Thursday, March 24, 2011
Book Note: Thomas Watson's "Heaven Taken By Storm"
Thomas Watson, Heaven Taken By Storm (first published 1669; Northampton Press edition, 2007): 143 pp.
I just finished reading this attractively formatted reprint of Watson’s Heaven Taken By Storm which bears the alternate title of “The Holy Violence a Christian Is to Put Forth in the Pursuit After Glory.” The premise of the book is an extended meditation on Matthew 11:12: “The kingdom of heaven suffereth violence, and the violent take it by force.” Watson takes the passage to mean that believers are to be “violent” (passionate, dedicated, active, aggressive) in living out the Christian life.
This “holy violence” will include “violence to ourselves” though the mortification of sin. It will also include the “violent” pursuit of the ordinary means of grace. Indeed, the heart of the book is Watson’s urging the basic spiritual disciplines of reading and hearing the Word, prayer and meditation, self-examination, sanctifying the Lord’s Day and holy conversation. Watson observes, “Some think free grace will save them; but it must be in the use of means” (p. 61).
Watson also advocates what we might call spiritual warfare in active opposition to Satan. He further calls for zeal in the pursuit of heaven. “Moderation has made many lose heaven” (p. 63). The book includes many valuable resources to stir spiritual life including a list of questions for spiritual self-examination and responses to objections against piety, as well as a listing of typical hindrances and directions for overcoming them. The book closes with an appendix titled “The Happiness of Drawing Near to God.”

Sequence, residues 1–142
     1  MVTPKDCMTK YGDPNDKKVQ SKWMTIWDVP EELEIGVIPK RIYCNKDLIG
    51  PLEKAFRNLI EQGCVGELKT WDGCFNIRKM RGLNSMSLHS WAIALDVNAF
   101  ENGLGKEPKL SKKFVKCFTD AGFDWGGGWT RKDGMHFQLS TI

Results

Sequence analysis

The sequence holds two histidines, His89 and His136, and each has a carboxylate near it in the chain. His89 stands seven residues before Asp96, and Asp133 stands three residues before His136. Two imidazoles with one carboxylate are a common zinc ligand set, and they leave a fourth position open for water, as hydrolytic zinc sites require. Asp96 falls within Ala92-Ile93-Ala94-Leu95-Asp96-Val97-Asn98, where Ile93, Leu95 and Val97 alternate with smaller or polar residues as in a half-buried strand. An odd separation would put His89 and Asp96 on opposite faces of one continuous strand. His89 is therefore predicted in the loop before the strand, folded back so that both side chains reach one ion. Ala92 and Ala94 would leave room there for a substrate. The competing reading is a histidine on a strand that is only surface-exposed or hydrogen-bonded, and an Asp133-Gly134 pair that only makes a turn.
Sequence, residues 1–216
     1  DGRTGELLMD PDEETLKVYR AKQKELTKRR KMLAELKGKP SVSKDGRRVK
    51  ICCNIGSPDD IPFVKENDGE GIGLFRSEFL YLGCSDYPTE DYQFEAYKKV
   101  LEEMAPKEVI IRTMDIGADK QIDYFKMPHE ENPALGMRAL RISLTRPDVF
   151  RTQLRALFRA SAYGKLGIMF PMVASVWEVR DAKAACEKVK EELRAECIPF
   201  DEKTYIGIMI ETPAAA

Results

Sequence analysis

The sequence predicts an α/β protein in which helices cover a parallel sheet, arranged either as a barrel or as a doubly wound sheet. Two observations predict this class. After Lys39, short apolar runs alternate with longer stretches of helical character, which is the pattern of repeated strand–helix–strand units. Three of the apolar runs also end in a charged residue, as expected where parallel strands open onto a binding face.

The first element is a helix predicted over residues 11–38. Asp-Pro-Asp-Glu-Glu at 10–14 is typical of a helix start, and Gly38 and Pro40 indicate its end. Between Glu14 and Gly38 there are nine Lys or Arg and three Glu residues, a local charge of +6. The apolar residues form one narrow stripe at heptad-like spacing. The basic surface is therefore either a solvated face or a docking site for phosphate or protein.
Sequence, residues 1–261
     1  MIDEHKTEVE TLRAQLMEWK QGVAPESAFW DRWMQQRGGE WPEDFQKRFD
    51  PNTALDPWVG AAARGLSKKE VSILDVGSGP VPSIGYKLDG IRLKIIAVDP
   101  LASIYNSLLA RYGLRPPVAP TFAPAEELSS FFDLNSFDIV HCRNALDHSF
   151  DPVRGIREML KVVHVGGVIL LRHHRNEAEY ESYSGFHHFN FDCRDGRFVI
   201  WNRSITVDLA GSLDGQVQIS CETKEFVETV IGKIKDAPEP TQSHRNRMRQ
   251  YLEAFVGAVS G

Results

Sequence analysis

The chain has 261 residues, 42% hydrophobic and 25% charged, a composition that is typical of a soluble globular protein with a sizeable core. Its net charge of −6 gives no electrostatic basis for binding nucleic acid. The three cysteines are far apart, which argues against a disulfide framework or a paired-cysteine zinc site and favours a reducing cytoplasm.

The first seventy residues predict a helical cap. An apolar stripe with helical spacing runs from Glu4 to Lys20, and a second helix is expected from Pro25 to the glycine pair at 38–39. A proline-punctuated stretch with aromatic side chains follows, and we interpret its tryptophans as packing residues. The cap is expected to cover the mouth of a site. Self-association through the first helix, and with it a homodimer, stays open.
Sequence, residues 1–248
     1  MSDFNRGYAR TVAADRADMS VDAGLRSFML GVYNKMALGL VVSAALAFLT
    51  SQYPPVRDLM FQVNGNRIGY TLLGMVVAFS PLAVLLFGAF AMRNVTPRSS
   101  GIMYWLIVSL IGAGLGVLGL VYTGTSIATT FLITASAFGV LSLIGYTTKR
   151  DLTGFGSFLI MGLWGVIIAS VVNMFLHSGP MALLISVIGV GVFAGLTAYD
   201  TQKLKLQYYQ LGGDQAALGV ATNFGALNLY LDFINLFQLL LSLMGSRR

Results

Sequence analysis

As always with Watson there is a treasure trove of pithy sayings and turns of phrase along with practical illustrations of the sort that led Spurgeon to describe Watson as a “racy” writer. Here is a sampling of but a very few:
“There is a sea of sin in us” (p. 28).
“There cannot be so much sweetness in sin as there is sting” (p. 31).
“Many truths are lost because ministers pour their wine into sieves, either into leaking memories or feathery minds” (p. 34).
“The eye can see everything but itself. It is easy to spy the faults of others, but hard to find out our own” (p. 37).
“In suiting his temptations to the complexion and temperament of the body, Satan studies facial features and expressions and lays suitable baits” (p. 50).
“Industry in one’s calling (when excessive) is covetousness” (p. 51).
“The world never kisses us except with an intent to betray us” (p. 53).
“A true saint is crucified to the affections of the world (Galatians 6:14). He is dead to the honors and pleasures of it. What delight does a dead man take in pictures or music?” (p. 54).
“Our salvation cost Christ blood; it will cost us sweat” (p. 61).
For those who put off piety to old age: “No man says, ‘I will learn my trade when I am old’” (p. 77).
“Do we pray in the morning as if we were to die at night?” (p. 80).
“Would it be a good plea for a servant to say to his master that he was so drunk that he could not work? Truly, ‘tis much like you saying that you were so drunk with the cares of the world that you could not be violent for the kingdom” (p. 90).
“This holy violence will not hinder men in their secular employments. Violence for the kingdom and diligence in a calling are not inconsistent. Christians, you may work for heaven, yet work in a trade” (pp. 103-104).
What some will say on their deathbeds: “Oh, that I had a Bible in my hand when I had a deck of cards!” (p. 112).
On the mystery of election: “Do not therefore perplex your thoughts about election; this book is sealed, and no angel can unclasp it. The rule Christians are to go by is God’s revealed will, not His secret will” (p. 115).
“Use the world as your servant, but do not follow it as your master” (p. 117).
“Be serious, but cheerful” (p. 118).
“The flesh is a bad counselor” (p. 120).
When friends attempt to dissuade you from this violence, remember: “‘Tis better to go to heaven with their hatred than to hell with their love” (p. 121).
“If you would be violent for heaven, get under lively preaching… The Word is a fire to thaw a frozen heart…. It is as good almost to be without preaching as to be under such preaching as will not warm us” (p. 123).
“The heart is a virgin God himself is suitor to” (p. 137).